What platform?

The ideal platforms for non-polar and semi-polar LEDs are native substrates with identical orientations. But natural limitations are making such structures prohibitively expensive for mass production. Today, HVPE and ammonothermal methods can produce relatively large GaN crystals, but these approaches are hindered by the strong tendency of GaN to grow in the polar (0001) direction. With HVPE it’s possible to produce (0001)-oriented disks that are a few millimetres thick, limited by large internal stress; while the ammonothermal method yields hexagonal prisms that are a few centimetres thick, with a (0001) base plane (see Figure 2). In this case, crystal thickness is limited by the low growth rate. Due to these limitations, the non-polar and semi-polar substrates that are diced from (0001)-oriented boules are elongated rectangles with a width of no more than a few centimetres.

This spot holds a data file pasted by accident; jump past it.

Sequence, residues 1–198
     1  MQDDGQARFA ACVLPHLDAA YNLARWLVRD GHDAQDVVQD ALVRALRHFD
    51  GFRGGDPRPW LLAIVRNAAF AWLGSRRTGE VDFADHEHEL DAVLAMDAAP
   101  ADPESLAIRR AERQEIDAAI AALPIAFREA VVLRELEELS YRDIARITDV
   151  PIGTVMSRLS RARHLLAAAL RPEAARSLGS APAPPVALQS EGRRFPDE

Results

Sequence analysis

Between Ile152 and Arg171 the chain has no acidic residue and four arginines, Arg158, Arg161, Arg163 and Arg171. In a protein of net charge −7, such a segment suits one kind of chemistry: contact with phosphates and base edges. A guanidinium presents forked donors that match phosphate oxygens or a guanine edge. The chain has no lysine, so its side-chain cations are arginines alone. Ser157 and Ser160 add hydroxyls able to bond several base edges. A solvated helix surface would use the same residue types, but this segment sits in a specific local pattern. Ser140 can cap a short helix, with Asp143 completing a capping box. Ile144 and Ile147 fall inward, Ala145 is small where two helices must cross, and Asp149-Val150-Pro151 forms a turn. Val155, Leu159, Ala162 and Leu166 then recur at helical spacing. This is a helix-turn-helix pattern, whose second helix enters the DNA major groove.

Figure 2. Comparison of the available GaN and silicon substrate sizes for growth of non-polar and semi-polar GaN (taking non-polar (1120) GaN as an example): (a) ammonothermal GaN, and (b) patterned silicon (110) substrate.

One promising alternative, which we are pursuing at Virginia Commonwealth University, VA, and the Otto-von-Guericke University in Germany, is to grow semi-polar and non-polar LEDs on patterned silicon. This approach has much to recommend, as silicon substrates are low in cost, available in large sizes, and allow the use of processes that are compatible with mature silicon technology. For example, a silicon platform could allow the combination of drive circuitry and LEDs on a single platform.